On June 17th, women in Saudi Arabia plan to take to the streets—they’re going to get behind the wheel to protest a religious edict forbidding them to drive. As Eman wrote in a post about the Women2Drive campaign yesterday, Manal Al-Sharif posted a Youtube video of herself calling on all women to drive their automobiles on that day. She told CNN that her move was induced by the fact that “there is no law that bans women from driving cars in Saudi Arabia, besides the fact that it is becoming so frustrating to wait for a cab or a male relative to pick us up.”
For some advocates of women’s rights in Saudi Arabia and the region at large, the Women2Drive campaign amounts to no more than a virtual effort that will not make a dent in long-entrenched conservative traditions. Attitudes against women driving also reflect the complexity of social contradictions in Saudi society, where women have access to formal and university education and many modern professions, yet they are denied the right to drive a car. The critical question often raised is how media channels, especially social networks, can be harnessed to bring about positive shifts in negative long-standing social perceptions of women as drivers.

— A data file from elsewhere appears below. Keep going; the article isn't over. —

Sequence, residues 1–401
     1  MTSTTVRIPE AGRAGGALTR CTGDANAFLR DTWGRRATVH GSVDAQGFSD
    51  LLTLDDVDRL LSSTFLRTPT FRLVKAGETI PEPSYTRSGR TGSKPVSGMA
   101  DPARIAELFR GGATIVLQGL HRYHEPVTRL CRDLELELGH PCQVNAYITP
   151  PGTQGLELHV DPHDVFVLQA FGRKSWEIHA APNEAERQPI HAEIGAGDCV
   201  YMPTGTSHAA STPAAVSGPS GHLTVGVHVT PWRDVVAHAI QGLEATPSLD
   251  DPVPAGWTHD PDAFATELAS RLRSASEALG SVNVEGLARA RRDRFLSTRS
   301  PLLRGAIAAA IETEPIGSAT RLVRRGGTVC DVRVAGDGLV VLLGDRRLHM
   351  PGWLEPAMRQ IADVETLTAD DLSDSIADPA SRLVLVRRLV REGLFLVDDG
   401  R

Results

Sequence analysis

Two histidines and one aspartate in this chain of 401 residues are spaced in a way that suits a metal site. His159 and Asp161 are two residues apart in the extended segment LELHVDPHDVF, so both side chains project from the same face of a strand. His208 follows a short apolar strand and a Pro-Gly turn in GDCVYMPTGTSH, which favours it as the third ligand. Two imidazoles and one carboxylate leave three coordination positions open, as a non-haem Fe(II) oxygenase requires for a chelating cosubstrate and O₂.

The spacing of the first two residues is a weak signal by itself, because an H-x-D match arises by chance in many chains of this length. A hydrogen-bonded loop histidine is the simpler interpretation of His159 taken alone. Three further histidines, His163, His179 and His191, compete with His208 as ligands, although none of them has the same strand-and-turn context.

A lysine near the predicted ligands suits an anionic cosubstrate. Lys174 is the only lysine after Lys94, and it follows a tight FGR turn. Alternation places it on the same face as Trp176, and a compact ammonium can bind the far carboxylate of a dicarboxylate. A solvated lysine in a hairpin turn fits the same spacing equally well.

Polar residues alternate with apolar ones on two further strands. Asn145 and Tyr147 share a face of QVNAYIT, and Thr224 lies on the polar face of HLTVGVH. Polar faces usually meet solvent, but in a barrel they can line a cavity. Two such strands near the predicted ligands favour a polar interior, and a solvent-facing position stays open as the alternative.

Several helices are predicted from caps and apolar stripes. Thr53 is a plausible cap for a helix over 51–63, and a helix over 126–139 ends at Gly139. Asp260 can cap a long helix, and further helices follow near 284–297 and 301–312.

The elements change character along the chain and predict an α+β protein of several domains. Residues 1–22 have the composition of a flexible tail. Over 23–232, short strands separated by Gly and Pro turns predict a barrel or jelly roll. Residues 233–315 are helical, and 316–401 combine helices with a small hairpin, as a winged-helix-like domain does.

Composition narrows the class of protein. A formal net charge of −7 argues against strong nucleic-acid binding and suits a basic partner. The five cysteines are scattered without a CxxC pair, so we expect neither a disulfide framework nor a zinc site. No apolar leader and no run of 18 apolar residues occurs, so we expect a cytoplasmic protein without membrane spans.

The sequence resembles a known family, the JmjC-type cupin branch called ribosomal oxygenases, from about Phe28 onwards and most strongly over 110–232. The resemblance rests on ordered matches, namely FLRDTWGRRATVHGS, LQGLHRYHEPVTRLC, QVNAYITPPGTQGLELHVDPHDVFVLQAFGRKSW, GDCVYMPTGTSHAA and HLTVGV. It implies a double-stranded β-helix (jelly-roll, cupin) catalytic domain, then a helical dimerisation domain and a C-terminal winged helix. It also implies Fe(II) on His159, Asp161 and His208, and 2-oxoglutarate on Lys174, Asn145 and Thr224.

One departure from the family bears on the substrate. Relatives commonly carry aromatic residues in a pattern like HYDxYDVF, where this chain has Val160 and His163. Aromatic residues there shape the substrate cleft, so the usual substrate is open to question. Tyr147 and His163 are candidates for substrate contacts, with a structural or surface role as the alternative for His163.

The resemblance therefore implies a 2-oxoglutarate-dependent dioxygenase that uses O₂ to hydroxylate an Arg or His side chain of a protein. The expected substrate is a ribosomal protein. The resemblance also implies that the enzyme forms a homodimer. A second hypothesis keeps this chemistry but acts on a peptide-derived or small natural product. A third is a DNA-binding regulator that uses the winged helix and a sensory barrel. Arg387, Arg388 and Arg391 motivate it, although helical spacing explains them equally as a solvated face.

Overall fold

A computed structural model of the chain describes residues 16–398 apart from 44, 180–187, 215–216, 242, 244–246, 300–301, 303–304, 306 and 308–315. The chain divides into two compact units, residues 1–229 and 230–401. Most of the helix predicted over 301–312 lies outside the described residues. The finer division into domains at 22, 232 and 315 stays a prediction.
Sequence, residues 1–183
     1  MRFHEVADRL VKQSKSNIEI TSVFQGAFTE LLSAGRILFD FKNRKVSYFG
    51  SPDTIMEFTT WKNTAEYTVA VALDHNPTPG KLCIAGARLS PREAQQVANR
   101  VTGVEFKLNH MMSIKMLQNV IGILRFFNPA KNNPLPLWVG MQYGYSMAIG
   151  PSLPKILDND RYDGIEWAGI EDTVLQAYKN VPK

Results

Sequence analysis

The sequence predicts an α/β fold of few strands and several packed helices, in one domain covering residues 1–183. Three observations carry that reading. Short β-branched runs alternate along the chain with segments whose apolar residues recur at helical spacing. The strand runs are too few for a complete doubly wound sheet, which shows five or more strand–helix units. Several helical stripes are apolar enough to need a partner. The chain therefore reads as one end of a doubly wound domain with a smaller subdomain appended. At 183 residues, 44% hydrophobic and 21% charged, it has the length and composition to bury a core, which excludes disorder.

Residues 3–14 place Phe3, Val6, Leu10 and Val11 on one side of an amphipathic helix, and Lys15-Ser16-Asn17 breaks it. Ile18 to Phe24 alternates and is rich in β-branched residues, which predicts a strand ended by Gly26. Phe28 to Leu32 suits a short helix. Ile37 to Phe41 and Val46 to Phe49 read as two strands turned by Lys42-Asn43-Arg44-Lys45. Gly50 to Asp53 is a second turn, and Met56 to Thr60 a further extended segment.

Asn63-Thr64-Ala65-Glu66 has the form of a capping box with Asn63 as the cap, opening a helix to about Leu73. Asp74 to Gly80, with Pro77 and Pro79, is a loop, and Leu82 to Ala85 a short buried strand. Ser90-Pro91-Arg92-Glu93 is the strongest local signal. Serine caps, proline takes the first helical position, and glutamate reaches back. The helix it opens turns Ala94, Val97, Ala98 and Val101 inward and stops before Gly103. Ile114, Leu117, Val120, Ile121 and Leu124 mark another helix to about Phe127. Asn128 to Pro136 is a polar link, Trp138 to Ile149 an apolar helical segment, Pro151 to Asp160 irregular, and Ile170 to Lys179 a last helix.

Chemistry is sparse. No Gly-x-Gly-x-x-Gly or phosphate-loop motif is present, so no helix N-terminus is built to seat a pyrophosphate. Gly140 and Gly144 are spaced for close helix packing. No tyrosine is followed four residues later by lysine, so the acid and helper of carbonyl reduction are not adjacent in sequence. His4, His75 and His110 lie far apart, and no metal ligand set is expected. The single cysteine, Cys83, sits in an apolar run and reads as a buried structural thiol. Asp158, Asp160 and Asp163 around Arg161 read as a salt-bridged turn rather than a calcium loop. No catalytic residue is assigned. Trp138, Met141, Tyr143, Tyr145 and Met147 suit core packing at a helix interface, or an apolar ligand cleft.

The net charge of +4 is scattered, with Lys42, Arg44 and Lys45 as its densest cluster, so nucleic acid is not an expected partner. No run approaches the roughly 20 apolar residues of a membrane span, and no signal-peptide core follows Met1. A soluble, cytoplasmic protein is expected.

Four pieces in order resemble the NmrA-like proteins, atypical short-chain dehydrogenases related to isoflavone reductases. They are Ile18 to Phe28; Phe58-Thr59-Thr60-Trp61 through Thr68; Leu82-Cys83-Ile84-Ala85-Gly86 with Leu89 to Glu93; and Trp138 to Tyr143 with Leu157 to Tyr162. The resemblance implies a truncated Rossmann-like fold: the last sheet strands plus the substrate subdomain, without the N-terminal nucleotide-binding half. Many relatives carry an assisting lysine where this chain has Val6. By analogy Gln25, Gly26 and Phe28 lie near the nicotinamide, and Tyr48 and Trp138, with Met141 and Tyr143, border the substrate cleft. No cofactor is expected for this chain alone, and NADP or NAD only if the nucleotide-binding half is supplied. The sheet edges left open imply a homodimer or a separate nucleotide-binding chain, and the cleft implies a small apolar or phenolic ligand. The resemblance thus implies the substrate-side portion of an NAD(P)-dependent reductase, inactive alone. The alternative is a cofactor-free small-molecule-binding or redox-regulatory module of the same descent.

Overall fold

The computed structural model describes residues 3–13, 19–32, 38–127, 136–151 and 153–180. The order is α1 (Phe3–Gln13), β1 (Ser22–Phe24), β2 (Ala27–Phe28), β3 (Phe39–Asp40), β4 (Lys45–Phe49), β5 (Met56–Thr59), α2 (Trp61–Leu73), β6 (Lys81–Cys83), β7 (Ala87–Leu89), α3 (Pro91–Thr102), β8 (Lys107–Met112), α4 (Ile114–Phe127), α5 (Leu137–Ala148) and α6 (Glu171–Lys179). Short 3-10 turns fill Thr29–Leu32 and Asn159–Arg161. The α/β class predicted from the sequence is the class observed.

I believe that we should not pin much hope on social media alone to realize women’s rights. The media has only a supporting role to play and often leaves long-term effects on audiences. In order to affect tangible changes in peoples’ behavior, we need to create knowledge on the subject at hand before we move to reinforce positive attitudes towards that subject. It is in this context that I see the Women2Drive cyber campaign’s contribution to raising awareness about Saudi women car drivers as instrumental in achieving those projected long-term effects on people’s attitudes.